Setting the stage for a year of crucial decisions, the December PPIC Statewide Survey took a first look at the 2018 governor’s race. Two Democrats—Gavin Newsom, the state’s lieutenant governor, and Antonio Villaraigosa, former mayor of Los Angeles—lead among likely voters. But the survey also underscored that it’s early in the campaign to replace retiring governor Jerry Brown. Among likely voters, a third are undecided and just a quarter are following news about the candidates fairly or very closely.
In the US Senate primary, incumbent Dianne Feinstein leads fellow Democrat Kevin de León, state senate president pro tempore, by a two-to-one margin in a matchup of the two candidates. A third of likely voters are undecided in this race, as well.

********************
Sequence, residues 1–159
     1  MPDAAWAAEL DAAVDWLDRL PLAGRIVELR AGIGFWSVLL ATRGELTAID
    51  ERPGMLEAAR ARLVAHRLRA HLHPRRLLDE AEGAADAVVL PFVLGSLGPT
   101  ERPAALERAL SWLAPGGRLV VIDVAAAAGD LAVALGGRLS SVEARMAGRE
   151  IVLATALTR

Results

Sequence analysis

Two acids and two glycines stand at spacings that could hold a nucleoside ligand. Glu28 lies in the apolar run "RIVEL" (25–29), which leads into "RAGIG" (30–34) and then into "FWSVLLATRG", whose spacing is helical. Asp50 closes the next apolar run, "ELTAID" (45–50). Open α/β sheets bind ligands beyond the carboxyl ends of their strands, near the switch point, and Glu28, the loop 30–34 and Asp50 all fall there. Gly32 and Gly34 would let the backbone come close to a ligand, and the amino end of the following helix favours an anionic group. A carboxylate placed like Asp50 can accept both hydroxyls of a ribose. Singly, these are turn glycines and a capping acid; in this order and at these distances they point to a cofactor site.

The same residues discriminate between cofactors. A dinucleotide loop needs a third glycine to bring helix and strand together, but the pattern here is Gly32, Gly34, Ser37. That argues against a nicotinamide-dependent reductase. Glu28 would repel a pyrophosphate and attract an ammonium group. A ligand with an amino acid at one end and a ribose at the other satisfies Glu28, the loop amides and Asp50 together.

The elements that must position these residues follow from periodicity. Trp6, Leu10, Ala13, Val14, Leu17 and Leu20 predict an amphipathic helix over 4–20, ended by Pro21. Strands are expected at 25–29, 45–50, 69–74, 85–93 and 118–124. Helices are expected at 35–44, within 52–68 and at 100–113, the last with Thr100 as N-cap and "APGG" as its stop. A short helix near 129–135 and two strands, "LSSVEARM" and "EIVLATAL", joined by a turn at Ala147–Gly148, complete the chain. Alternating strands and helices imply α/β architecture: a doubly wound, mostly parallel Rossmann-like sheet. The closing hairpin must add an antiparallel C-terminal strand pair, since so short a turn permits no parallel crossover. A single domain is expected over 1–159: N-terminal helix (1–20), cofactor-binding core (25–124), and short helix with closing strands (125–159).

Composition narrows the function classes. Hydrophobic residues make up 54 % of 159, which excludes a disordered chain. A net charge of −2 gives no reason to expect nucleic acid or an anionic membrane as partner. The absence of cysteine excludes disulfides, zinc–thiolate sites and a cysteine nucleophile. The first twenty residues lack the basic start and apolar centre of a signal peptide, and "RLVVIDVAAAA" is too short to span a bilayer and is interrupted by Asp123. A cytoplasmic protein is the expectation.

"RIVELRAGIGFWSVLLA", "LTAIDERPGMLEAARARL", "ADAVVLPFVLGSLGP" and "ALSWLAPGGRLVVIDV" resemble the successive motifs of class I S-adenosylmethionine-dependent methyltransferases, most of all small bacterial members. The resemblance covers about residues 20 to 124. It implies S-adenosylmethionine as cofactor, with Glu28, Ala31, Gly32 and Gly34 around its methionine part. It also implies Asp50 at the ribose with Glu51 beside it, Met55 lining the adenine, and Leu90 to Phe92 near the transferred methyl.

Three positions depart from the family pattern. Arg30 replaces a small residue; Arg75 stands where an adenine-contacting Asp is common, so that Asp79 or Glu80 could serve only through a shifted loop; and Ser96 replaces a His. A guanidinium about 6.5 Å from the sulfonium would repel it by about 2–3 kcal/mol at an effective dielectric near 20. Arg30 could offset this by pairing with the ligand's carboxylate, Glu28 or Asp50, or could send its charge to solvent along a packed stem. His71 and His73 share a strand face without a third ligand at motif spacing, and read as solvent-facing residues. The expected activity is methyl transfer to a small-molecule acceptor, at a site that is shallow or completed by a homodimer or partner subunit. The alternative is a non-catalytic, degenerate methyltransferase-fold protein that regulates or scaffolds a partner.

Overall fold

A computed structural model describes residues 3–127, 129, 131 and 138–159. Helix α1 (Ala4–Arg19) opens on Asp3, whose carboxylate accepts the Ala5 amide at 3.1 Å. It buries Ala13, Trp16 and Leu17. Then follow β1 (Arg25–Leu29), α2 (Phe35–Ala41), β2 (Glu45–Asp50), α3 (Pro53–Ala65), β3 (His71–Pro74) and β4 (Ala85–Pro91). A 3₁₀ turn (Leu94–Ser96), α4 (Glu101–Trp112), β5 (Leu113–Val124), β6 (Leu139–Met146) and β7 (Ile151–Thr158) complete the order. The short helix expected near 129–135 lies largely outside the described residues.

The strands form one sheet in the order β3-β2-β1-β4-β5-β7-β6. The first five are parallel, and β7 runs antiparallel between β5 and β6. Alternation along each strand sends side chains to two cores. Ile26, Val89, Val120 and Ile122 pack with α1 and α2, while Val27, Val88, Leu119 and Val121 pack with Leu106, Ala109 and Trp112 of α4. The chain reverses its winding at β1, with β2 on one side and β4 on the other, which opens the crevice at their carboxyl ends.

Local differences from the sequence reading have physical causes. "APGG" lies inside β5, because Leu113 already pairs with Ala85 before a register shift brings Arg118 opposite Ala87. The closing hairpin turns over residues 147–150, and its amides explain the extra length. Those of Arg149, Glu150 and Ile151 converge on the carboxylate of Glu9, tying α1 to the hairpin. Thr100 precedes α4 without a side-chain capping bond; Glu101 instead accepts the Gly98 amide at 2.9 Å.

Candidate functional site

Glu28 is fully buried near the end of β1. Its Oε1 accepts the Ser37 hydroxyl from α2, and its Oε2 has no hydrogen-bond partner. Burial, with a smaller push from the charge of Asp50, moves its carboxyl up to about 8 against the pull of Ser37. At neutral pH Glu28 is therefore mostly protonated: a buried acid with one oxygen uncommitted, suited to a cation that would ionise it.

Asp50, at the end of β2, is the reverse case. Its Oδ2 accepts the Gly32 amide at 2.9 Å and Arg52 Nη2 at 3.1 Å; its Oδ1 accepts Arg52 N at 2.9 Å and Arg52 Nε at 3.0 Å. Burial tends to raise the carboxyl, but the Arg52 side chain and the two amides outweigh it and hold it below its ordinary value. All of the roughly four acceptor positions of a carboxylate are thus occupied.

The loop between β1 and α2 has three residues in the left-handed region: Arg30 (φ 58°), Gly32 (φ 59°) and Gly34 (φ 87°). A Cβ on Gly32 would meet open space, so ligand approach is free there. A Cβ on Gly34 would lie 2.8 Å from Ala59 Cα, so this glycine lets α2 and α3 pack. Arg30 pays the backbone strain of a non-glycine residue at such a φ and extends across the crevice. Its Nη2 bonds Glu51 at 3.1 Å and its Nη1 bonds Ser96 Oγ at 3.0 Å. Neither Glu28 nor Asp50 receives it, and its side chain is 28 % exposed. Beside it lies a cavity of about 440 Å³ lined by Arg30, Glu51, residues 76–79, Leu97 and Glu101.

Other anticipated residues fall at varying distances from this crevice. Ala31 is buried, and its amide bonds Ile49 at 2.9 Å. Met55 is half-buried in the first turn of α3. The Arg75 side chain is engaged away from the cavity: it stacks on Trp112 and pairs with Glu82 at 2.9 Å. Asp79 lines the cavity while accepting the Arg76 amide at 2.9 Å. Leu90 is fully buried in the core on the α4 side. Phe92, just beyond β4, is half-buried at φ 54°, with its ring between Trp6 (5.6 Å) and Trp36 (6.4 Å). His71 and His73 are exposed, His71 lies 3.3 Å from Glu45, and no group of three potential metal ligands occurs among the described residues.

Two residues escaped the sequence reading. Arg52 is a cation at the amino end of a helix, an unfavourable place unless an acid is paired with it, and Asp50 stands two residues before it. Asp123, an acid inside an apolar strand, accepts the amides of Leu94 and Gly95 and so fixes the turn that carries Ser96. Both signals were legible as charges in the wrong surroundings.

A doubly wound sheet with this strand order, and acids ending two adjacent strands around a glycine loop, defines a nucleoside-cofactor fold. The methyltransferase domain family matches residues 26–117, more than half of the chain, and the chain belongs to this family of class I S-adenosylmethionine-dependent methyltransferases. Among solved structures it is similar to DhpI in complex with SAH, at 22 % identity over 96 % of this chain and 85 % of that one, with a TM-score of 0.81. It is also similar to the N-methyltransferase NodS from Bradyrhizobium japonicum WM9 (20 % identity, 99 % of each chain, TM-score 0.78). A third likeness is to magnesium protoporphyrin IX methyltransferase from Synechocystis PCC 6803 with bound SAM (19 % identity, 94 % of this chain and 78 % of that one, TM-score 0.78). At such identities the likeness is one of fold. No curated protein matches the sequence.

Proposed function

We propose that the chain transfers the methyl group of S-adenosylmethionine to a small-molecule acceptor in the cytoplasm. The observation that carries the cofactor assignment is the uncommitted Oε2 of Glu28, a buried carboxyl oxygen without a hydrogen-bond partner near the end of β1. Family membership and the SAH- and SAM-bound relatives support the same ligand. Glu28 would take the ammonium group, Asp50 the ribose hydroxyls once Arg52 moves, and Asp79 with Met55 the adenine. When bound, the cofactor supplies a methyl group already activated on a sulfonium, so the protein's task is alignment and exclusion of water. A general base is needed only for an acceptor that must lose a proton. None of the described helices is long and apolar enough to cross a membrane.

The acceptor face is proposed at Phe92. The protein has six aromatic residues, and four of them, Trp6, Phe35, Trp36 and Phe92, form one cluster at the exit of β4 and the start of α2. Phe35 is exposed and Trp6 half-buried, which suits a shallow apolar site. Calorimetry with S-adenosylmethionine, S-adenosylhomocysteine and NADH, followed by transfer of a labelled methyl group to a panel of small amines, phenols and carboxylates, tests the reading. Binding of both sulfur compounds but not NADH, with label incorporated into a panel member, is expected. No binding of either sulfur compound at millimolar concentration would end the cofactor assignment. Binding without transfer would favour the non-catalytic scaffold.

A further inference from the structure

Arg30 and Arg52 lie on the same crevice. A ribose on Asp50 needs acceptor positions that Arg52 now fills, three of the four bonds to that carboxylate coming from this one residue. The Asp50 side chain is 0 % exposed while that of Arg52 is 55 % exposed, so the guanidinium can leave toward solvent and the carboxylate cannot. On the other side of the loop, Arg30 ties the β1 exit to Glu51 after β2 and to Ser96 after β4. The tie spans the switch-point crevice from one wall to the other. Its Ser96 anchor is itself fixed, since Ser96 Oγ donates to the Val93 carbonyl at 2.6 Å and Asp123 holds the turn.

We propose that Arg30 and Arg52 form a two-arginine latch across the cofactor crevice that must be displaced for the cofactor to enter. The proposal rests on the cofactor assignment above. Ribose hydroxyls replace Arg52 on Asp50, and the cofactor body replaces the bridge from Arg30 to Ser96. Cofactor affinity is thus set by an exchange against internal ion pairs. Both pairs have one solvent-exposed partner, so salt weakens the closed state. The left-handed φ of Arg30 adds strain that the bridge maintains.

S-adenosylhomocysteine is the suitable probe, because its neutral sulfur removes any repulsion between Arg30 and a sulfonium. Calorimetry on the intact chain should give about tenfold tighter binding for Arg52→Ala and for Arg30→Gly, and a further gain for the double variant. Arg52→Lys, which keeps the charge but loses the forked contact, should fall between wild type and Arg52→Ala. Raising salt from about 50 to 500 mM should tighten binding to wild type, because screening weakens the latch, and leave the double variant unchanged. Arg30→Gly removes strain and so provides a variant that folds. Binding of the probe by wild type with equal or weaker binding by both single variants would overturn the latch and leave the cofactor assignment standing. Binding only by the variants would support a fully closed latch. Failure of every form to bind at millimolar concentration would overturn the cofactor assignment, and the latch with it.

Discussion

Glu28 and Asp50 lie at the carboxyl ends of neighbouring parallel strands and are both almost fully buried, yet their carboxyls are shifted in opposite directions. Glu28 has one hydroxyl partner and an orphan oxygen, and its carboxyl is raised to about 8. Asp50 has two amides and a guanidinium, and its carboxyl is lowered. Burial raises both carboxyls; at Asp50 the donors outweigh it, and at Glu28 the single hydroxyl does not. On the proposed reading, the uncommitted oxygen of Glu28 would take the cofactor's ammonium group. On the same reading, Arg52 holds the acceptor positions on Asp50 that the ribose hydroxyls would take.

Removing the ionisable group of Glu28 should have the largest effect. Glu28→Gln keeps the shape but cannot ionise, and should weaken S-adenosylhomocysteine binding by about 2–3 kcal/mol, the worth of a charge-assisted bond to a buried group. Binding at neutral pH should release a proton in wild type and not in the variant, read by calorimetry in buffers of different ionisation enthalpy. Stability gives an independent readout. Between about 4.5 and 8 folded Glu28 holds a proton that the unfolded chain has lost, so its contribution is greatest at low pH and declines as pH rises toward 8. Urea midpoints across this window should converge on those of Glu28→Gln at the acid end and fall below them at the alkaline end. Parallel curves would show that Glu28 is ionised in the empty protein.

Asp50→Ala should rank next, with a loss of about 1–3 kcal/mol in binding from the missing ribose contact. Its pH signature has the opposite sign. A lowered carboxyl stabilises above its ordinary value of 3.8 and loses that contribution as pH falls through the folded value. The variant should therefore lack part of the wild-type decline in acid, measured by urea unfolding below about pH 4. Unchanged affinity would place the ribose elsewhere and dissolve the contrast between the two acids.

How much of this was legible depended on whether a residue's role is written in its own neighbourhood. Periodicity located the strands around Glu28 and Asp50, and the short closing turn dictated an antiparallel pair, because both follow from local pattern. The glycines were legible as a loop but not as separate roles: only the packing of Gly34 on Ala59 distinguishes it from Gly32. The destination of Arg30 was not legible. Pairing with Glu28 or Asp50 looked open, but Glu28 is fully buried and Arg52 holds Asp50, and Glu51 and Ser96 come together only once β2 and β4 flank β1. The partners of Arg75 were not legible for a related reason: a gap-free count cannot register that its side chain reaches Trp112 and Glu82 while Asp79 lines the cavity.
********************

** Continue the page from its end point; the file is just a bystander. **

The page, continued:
Dean Bonner, associate survey director at PPIC, presented the key findings at a Sacramento briefing last week. As he noted, the survey findings reflect a divided and unsettled electorate. Likely voters are split on what is more important in a candidate for statewide office: new ideas and a different approach (48%) or experience and a proven record (42%). Asked about how candidates for statewide office should interact with the federal government, half of likely voters (51%) prefer that candidates push back against the Trump administration and 41% prefer that candidates work with the administration.
Read the PPIC Statewide Survey: Californians and Their Government
Learn more about the PPIC Statewide Survey